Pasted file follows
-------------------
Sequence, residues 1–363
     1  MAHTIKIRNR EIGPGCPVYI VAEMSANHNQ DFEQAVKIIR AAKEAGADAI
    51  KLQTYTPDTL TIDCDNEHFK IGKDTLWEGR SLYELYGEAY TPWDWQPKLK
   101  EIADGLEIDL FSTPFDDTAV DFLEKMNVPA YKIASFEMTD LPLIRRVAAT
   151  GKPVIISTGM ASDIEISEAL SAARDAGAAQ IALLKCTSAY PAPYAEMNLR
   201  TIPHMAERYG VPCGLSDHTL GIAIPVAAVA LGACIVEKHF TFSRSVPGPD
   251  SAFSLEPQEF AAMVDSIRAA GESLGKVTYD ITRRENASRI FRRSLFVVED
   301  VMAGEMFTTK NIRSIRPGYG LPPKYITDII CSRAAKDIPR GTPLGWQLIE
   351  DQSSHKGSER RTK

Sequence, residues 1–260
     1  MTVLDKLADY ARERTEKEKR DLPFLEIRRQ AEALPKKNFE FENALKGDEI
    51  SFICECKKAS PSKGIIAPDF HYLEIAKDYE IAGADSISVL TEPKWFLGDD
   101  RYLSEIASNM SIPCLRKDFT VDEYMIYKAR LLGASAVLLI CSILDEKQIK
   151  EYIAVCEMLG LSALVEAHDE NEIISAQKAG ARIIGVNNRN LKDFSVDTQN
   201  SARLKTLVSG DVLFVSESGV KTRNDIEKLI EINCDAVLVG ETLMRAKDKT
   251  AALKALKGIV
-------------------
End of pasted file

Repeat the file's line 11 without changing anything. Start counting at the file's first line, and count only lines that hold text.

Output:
     1  MTVLDKLADY ARERTEKEKR DLPFLEIRRQ AEALPKKNFE FENALKGDEI